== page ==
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Let’s Talk About Sex And Sexuality With Our Daughters

Posted: April 8, 2015

It is essential for us, as mothers, to talk about sex and sexuality with our daughters. There is a need to do so, and let’s not run away from it.

‘Slut’, ‘whore’, ‘cunt’, ‘bitch’ are all words that are used to dehumanize women, especially women who engage in sexual activity or have a desire to do so. In our culture, as is with many other cultures, women are instructed not to be sexual. Everywhere they look, and at every age, they are expected to fit into a certain mould that society has set for them, and almost always this mould forbids women from being sexual in nature.

Women are expected to have babies, but not be sexual. They are told to be sexy, but not engage in sexual activity. They are often encouraged to have an open mind, but never talk about sex. Women are told to be bold, and yet women watching porn is still a taboo. Women’s lives are constantly being watched and judged; how to eat, drink, sleep, dress, and of course, how to never have sex unless a man wants to have sex with you. And there are ample magazines telling women ‘how to please your man’ and ‘what to or not to do in bed’. However, rarely do articles or popular media ever celebrate women as individuals, with varying degrees of sexuality and sexual desires.

Women’s sexuality is a tightly-controlled and rigidly-managed system in India.

Women’s sexuality is a tightly-controlled and rigidly-managed system in India. One of the core reasons for this expectation from women to abstain from sex and sexual desires, often comes down from the matriarch of the family whose value system is a direct reflection of her husband’s beliefs or stems from societal constructs that the matriarch believes in. Then of course pre teens, teens and young adults are left to fend for themselves and either hide their desires in embarrassment or act upon them in secrecy. Young girls have been told to shy away from sex and sexual conversations to such an extent that they grow up embarrassed and ashamed of their bodies and sexual urges. They learn from an early age that their body is going to be policed, and they begin to accept it. First mothers police their daughters’ bodies, and then the society.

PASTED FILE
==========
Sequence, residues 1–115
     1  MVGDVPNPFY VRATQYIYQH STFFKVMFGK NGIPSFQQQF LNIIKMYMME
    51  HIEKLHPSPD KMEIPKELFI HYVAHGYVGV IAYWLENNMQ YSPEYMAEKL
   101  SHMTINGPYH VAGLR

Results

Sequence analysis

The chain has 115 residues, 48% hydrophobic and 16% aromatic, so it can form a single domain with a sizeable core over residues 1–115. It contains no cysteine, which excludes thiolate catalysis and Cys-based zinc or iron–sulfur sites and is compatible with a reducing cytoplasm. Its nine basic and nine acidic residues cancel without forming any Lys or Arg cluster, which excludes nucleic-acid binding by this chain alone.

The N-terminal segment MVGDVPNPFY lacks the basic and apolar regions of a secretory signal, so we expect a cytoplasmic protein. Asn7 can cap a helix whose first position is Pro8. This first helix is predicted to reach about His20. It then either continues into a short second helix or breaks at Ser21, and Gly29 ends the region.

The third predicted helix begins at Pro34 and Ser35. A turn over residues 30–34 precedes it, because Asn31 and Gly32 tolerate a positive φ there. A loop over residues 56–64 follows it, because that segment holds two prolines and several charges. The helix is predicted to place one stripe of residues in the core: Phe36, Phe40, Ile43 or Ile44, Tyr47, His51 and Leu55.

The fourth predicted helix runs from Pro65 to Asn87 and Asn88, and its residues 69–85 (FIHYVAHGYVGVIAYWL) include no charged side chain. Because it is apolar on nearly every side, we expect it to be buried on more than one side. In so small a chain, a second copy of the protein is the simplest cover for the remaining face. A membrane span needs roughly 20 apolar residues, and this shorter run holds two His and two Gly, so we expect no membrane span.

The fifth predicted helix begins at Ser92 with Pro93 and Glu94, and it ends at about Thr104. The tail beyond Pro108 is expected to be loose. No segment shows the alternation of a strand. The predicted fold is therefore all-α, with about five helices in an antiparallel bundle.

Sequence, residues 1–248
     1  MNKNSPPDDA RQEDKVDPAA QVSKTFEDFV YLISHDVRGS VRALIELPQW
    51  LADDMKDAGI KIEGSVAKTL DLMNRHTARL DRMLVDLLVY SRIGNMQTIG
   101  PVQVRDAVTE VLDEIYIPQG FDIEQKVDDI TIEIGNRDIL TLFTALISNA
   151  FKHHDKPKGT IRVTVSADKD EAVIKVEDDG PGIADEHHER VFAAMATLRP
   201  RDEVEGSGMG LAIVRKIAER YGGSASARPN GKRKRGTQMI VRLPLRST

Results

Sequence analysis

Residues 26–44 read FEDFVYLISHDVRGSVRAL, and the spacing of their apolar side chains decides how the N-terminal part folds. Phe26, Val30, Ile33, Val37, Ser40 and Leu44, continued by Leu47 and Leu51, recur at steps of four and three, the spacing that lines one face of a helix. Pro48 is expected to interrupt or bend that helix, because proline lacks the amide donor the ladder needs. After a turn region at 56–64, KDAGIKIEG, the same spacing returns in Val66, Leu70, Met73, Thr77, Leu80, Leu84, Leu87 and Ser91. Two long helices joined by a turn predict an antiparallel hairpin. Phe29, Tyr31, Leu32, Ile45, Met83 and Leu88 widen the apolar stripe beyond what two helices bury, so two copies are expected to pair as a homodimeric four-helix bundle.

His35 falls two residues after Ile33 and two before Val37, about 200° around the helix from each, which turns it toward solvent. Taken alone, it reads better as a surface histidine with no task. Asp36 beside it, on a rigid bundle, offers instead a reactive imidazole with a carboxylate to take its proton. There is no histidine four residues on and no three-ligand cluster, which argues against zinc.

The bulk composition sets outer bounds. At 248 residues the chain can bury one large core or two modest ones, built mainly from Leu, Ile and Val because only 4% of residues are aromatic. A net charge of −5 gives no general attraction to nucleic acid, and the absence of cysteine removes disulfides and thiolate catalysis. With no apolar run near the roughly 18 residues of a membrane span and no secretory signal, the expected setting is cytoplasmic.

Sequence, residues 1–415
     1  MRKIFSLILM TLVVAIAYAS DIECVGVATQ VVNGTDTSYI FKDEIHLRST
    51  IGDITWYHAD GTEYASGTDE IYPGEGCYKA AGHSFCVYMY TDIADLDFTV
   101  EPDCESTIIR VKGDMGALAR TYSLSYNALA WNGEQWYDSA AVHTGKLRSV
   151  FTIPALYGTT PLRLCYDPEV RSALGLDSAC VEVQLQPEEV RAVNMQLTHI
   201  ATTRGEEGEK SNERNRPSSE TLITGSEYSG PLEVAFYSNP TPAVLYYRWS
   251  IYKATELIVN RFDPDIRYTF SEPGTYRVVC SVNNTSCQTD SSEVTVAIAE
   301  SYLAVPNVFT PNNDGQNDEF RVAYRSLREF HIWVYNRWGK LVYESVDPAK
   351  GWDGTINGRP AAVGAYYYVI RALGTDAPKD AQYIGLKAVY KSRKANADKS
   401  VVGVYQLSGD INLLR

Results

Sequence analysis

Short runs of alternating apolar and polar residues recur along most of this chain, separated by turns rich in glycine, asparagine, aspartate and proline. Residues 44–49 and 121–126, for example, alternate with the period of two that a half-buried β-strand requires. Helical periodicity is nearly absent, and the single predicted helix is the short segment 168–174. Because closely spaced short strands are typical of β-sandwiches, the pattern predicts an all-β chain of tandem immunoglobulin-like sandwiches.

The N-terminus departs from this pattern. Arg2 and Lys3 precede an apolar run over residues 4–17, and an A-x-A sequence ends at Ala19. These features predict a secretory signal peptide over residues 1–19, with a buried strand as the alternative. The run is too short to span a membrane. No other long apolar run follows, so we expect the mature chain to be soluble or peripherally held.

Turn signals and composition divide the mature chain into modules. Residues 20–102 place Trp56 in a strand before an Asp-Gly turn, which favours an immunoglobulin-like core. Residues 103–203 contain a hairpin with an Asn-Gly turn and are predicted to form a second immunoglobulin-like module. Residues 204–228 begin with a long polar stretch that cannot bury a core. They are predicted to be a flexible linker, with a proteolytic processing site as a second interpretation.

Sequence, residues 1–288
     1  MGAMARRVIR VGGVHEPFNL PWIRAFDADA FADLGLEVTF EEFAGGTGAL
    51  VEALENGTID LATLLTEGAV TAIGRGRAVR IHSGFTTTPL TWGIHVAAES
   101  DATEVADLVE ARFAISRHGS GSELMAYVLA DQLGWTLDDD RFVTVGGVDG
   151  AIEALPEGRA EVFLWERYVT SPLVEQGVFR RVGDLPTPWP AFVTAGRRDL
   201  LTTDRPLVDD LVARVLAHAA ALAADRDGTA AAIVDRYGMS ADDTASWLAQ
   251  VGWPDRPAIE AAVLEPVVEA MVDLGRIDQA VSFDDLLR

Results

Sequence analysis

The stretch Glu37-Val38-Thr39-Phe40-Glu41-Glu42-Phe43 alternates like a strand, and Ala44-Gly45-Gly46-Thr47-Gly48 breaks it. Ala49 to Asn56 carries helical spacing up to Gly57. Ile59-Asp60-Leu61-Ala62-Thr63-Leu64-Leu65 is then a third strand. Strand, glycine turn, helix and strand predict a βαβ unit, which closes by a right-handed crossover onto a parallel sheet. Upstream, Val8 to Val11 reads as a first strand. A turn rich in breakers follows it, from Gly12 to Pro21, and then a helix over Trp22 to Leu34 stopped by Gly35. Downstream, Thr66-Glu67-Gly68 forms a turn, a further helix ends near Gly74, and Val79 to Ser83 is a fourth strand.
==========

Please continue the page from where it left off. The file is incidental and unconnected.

Today, however, it’s imperative that families, mothers especially, talk to and educate their daughters about sex, sexuality and what that entails. Young girls and boys have all the information available at their finger tips, and often none of that news is good news. Young girls must be taught that their body is theirs alone, that no one has a say on their body, that no matter where she is, what she’s wearing, what she isn’t wearing, what she chooses to do with her body is her right alone, and no one has the right to police her body.

Identifying as a woman doesn’t deny any individual the right to be sexual.

Identifying as a woman doesn’t deny any individual the right to be sexual. That being said, it is also vital to recognize the fact that everyone has a different belief system. Some individuals are uncomfortable with pre-marital sex, and some individuals are uncomfortable with teen sex. Whatever your stance on the subject, talk to your daughters about it. Explain your stance and your expectations with them. As uncomfortable as these conversations can be, they are absolutely vital in every girl’s life so that she knows that ‘sex’ isn’t some crazy, amazing or dirty, degrading entity. It’s just an act; one of many that she may or may not face or enjoy in life. Sharing your stance on the matter, including your daughter in the conversation, and treating her like an adult will enable her to trust you, share with you and confide in you.

Teen years are extremely challenging for any individual. On top of that, we add this pressure on girls to be pure and modest. What does that even mean? A girl isn’t some carpet that can get dirty with dust or mud. No. She is a living, feeling, breathing, sensing and analyzing complete being capable of complex thoughts and emotions. By recognizing that and talking to your daughter about sex and sexual desires doesn’t mean you are advocating for sex or telling her to have sex. It just tells her that it’s okay to feel what she feels. That porn is okay. That wanting to experience new things is okay, that her body and her desires are okay. Whether she acts on them or not is her prerogative, and a conversation that she should feel comfortable having with you.

A girl isn’t some carpet that can get dirty with dust or mud.

At the end of the day, your daughter’s health – mental and physical are of utmost importance. Her views on sex and sexual desires contribute heavily to her self esteem and confidence. This confidence is then reflected in her choice of partners while empowering her to feel comfortable and happy about her body, and avoid and silence anyone who attempts to police her body.

Image of a happy mother and daughter via Shutterstock

 

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